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The cut-scenes do go a bit Kick-Ass 2: The Game at times.

At its best, Styx will show you an open level with multiple vertical pathways and opportunities to wreak stealthy havoc with your array of RPG-light skills. At its worst, you’ll see those levels all over again, rammed with perma-alert guards, and submit your quick-save key to the most awful punishment as you get paranoid about Styx’s ability to hang on to a simple ledge.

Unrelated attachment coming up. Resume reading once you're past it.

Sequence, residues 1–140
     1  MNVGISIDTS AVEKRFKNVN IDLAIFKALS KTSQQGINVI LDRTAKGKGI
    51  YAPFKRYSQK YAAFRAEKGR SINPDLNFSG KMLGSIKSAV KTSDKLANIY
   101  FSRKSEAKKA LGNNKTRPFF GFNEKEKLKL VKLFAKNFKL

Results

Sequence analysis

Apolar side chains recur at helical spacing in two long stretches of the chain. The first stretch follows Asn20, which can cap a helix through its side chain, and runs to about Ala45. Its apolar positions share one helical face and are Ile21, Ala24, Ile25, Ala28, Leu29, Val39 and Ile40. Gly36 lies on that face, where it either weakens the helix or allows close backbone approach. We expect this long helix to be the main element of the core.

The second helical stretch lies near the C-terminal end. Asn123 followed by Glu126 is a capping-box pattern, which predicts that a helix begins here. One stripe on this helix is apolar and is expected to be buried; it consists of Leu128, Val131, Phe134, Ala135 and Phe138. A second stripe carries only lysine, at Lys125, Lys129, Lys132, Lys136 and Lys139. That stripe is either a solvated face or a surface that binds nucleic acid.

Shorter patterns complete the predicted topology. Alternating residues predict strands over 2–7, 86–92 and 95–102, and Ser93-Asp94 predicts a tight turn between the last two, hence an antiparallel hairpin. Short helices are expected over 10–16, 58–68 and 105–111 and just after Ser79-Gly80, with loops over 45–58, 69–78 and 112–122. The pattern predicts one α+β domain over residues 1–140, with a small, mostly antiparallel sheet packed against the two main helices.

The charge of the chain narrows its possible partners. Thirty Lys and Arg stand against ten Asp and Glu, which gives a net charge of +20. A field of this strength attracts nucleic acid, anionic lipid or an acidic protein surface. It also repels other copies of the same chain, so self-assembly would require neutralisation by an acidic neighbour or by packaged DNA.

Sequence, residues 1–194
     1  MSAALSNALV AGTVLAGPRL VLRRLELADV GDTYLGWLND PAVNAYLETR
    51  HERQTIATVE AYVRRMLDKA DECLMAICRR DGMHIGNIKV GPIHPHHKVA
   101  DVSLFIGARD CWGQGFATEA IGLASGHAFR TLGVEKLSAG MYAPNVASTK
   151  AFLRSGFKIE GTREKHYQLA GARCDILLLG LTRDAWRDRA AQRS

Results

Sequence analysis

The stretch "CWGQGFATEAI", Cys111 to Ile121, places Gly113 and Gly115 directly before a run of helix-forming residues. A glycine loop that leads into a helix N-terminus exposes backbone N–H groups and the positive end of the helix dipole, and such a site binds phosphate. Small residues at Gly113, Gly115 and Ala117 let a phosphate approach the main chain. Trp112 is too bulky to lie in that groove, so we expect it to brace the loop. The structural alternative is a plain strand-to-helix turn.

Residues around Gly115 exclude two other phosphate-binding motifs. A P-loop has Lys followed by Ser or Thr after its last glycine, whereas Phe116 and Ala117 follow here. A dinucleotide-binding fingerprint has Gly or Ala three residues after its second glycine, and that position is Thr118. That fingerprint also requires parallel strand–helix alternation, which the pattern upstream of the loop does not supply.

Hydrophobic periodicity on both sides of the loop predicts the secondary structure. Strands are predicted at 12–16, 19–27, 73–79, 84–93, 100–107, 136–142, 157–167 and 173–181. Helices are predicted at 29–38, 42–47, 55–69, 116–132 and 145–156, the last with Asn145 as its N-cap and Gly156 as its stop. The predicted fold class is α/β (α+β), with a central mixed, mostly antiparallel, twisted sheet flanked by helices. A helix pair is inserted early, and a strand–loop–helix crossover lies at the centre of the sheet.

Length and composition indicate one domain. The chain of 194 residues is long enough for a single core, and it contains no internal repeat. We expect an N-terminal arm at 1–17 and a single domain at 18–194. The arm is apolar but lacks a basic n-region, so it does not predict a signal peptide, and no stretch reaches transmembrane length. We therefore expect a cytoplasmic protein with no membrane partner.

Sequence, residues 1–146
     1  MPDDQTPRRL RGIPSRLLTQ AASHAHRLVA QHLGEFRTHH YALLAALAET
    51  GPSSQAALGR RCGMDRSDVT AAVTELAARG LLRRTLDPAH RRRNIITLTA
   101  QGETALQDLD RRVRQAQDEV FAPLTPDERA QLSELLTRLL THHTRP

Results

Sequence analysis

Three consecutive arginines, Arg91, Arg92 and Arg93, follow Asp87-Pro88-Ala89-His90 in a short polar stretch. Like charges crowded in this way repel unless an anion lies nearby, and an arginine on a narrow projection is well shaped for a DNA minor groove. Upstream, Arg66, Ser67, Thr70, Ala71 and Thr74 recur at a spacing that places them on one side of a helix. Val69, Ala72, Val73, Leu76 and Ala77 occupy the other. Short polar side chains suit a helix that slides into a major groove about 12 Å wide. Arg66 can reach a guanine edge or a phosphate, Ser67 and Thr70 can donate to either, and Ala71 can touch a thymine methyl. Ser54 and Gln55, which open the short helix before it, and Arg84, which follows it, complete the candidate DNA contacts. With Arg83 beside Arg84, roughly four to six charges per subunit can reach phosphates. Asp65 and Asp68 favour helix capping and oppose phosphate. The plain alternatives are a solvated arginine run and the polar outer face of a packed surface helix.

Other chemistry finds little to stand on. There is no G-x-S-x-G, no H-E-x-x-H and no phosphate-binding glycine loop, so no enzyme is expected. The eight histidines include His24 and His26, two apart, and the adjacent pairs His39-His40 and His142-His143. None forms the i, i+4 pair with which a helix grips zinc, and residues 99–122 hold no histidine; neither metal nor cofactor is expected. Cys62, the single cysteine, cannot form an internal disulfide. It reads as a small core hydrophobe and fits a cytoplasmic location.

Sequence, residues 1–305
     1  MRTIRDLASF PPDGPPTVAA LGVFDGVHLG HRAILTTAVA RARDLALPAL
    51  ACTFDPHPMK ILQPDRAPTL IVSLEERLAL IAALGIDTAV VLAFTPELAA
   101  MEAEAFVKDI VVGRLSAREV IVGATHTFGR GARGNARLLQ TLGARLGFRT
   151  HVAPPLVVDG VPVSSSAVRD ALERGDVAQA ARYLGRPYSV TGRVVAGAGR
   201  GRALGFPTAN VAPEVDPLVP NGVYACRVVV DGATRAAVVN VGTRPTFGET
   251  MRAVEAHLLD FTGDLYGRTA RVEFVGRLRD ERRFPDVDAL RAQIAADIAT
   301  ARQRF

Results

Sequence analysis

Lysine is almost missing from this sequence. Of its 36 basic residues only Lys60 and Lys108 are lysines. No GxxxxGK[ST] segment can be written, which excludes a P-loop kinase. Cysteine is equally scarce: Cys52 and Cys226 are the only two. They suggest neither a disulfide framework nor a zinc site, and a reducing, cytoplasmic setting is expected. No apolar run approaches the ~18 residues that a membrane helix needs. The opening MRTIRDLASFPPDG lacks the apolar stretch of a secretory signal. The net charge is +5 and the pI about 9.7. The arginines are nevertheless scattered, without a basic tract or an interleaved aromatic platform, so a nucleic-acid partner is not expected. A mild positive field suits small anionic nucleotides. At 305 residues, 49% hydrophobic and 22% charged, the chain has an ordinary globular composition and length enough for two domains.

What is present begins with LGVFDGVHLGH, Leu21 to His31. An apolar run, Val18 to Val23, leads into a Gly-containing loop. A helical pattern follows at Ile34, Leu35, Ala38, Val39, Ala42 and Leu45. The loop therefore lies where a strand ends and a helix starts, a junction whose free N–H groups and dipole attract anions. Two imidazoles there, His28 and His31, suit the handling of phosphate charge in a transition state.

It’s a game I want to applaud for, in many ways, being indebted to the punishing tradition of early stealth titles. But the uneven presentation (the music is wonderful, while the storyboard cut-scenes and dialogue are often quite awful,) embarrassing reliance on recycling levels for the entire second half of the game, and any number of other glitches and frustrating quirks left me with serious reservations.